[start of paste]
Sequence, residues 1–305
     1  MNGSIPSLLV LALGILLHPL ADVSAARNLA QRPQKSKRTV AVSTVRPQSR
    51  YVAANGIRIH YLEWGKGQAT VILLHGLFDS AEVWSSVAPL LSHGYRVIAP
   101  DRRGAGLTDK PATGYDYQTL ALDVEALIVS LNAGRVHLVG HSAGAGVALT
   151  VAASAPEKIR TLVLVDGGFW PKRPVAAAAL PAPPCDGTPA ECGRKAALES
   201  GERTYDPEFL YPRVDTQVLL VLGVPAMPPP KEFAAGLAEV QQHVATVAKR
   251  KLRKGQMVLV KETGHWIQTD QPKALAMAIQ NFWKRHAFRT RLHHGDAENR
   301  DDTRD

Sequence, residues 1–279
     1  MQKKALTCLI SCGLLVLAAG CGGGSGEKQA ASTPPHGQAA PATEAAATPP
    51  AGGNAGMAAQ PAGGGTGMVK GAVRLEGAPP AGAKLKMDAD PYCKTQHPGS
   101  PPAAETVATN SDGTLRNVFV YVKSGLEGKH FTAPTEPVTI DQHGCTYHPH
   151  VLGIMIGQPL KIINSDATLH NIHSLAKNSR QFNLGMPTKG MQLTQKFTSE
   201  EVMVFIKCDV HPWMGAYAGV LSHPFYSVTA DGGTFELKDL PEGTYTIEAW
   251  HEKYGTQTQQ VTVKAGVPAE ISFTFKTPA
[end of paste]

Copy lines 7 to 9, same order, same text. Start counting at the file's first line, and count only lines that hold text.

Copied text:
   251  KLRKGQMVLV KETGHWIQTD QPKALAMAIQ NFWKRHAFRT RLHHGDAENR
   301  DDTRD

Sequence, residues 1–279